Laas Geel is primarily inhabited by people from the Somali ethnic group, with the clan eponyms of Adam Isa and Abokor Isa of Isamusa especially well-represented.


The word laas geel consist of two words according to Somali languages which is laas and geel, the word laas means well and the word geel means camel in Somali. Well refers to a source of water which camels and other livestock drink from as well as the people.

See also[edit]


  1. ^ "Laas Geel, Somaliland". British Museum. Unlike many other rock art sites, Laas Geel has been dated quite precisely thanks to the excavations carried out in one of the shelters by the French team that documented the site. During the excavation parts of the painted rock wall were recovered, and therefore the archaeologists have proposed a chronology of mid-4th to mid-3rd millennia, being one of the oldest evidences of cattle domestication in the Horn of Africa and the oldest known rock art site in this region.
  2. ^ Farrar, V. Tarikhu (2020-01-31). Precolonial African Material Culture: Combatting Stereotypes of Technological Backwardness. Rowman & Littlefield. ISBN 978-1-7936-0643-3.
  3. ^ Bradley, D G; MacHugh, D E; Cunningham, P; Loftus, R T (1996-05-14). "Mitochondrial diversity and the origins of African and European cattle". Proceedings of the National Academy of Sciences of the United States of America. 93 (10): 5131–5135. Bibcode:1996PNAS...93.5131B. doi:10.1073/pnas.93.10.5131. ISSN 0027-8424. PMC 39419. PMID 8643540.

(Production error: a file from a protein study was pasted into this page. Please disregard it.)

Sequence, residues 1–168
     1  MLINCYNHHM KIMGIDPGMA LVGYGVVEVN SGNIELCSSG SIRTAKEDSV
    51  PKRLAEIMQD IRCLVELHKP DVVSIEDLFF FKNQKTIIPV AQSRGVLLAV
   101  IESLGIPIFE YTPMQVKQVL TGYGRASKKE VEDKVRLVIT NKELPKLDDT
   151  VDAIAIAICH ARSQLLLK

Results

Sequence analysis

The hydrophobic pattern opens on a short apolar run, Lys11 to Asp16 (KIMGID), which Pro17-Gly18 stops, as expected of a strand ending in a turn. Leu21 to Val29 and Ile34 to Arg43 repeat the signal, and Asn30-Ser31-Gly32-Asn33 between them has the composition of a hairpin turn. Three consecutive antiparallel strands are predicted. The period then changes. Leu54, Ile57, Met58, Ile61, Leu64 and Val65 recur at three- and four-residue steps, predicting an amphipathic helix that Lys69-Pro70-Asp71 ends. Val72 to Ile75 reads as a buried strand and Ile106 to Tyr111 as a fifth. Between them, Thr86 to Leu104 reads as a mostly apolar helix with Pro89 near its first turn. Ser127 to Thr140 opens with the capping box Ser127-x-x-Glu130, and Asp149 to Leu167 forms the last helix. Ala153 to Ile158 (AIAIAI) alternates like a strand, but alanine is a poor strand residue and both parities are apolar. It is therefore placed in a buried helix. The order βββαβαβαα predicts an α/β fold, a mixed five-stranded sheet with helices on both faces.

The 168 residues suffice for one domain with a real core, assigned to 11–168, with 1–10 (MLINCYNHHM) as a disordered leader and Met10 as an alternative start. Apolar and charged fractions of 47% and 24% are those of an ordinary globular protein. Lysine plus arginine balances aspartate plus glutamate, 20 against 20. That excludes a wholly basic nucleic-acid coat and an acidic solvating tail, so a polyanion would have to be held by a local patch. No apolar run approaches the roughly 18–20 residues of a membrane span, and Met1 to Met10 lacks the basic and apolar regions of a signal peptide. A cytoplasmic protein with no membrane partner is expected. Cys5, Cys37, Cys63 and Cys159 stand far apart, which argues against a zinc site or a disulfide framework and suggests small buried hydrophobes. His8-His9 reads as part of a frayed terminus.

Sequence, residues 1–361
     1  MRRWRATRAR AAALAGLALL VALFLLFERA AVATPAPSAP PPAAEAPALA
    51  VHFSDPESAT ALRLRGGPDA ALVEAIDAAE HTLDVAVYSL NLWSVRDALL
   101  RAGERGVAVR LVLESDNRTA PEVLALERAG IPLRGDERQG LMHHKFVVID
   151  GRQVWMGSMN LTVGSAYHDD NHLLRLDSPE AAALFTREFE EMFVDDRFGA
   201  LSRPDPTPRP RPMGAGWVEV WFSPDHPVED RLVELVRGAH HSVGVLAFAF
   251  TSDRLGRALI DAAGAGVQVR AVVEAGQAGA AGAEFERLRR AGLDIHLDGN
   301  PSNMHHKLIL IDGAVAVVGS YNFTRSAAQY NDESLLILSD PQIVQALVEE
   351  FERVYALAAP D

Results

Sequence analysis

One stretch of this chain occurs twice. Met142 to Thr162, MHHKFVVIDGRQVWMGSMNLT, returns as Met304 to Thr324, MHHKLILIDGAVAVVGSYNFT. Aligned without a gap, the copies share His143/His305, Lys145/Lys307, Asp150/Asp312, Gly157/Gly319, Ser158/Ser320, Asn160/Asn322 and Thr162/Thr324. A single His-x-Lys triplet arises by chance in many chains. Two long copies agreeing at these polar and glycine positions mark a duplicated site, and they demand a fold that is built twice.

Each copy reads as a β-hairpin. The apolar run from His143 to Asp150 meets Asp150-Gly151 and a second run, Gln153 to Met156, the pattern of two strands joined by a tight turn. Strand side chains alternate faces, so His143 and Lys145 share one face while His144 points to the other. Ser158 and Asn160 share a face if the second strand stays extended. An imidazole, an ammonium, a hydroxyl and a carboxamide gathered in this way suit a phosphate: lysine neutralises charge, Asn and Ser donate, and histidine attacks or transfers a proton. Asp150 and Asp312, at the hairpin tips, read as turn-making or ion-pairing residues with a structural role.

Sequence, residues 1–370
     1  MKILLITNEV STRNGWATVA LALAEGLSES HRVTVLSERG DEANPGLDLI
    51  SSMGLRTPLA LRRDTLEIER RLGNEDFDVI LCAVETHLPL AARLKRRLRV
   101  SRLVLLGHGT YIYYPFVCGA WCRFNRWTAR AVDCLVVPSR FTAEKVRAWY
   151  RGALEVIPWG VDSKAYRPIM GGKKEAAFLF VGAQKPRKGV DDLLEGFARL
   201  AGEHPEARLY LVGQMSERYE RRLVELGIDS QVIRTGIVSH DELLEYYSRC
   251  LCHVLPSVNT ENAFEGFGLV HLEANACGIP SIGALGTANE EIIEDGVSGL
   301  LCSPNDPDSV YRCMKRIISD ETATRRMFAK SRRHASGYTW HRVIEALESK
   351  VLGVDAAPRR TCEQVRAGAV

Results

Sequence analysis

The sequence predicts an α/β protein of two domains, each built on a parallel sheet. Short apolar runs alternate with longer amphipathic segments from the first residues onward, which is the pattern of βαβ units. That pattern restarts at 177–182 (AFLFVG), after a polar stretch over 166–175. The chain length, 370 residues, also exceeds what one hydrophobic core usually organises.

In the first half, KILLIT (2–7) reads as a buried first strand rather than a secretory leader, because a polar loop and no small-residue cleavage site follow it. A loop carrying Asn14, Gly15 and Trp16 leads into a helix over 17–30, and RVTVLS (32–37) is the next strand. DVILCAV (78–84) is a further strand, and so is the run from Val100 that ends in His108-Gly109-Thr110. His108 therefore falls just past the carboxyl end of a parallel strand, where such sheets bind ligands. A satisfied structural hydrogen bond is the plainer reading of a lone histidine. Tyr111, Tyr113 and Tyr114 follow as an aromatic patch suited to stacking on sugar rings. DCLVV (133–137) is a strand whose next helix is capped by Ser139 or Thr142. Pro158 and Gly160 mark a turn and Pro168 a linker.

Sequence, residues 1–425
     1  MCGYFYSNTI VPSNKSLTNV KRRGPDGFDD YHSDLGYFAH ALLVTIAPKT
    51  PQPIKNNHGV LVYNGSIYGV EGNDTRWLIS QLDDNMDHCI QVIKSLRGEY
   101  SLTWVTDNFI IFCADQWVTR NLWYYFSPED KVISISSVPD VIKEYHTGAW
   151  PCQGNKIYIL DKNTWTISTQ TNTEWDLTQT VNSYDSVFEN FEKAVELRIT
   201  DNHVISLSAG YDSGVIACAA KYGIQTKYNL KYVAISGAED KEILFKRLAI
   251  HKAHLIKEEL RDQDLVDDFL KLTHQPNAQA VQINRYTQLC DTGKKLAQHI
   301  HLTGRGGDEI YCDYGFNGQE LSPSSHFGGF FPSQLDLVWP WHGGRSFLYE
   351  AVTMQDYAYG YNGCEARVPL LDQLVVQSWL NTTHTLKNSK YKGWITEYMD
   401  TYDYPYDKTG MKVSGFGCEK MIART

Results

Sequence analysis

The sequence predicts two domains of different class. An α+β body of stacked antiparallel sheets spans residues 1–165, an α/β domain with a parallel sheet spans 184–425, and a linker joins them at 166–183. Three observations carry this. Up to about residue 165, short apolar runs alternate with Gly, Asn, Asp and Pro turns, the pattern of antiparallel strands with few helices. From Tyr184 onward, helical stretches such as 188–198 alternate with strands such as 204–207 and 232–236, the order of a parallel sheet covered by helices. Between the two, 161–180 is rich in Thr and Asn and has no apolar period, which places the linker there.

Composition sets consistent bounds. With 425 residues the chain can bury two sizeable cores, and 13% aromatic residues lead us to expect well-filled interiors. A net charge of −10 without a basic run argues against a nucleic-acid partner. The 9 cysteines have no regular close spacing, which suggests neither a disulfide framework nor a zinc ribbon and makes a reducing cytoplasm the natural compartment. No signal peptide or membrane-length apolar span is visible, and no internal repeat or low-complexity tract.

4. ^ Pitt, Daniel; Sevane, Natalia; Nicolazzi, Ezequiel L.; MacHugh, David E.; Park, Stephen D. E.; Colli, Licia; Martinez, Rodrigo; Bruford, Michael W.; Orozco‐terWengel, Pablo (2018-07-23). "Domestication of cattle: Two or three events?". Evolutionary Applications. 12 (1): 123–136. doi:10.1111/eva.12674. ISSN 1752-4571. PMC 6304694. PMID 30622640.
  5. ^ Mwai, Okeyo; Hanotte, Olivier; Kwon, Young-Jun; Cho, Seoae (July 2015). "African Indigenous Cattle: Unique Genetic Resources in a Rapidly Changing World". Asian-Australasian Journal of Animal Sciences. 28 (7): 911–921. doi:10.5713/ajas.15.0002R. ISSN 1011-2367. PMC 4478499. PMID 26104394.
  6. ^ Brass, Michael (2018-03-01). "Early North African Cattle Domestication and Its Ecological Setting: A Reassessment". Journal of World Prehistory. 31 (1): 81–115. doi:10.1007/s10963-017-9112-9. ISSN 1573-7802.
  7. ^ a b The Journal of African Archeology Volume 1.2 (2003) Chapter 3
  8. ^ Bakano, Otto (April 24, 2011). "Grotto galleries show early Somali life". AFP. Archived from the original on 30 April 2011. Retrieved 11 May 2013.
  9. ^ Istituto universitario orientale (Naples, Italy) (1992). Annali: Supplemento, Issues 70-73. Istituto orientale di Napoli. p. 57.
  10. ^ Mire, Sada (2015-04-14). "Mapping the Archaeology of Somalia: Religion, Art, Script, Time, Urbanism, Trade and Empire". African Archaeological Review. 32 (1): 111–136. doi:10.1007/s10437-015-9184-9. ISSN 0263-0338.
  11. ^ Michael Hodd, East African Handbook, (Trade & Travel Publications: 1994), p.640.
  12. ^ "Photographs of Laas Geel, February 2015". Independent Travellers. independent-travellers.com. Retrieved July 15, 2017.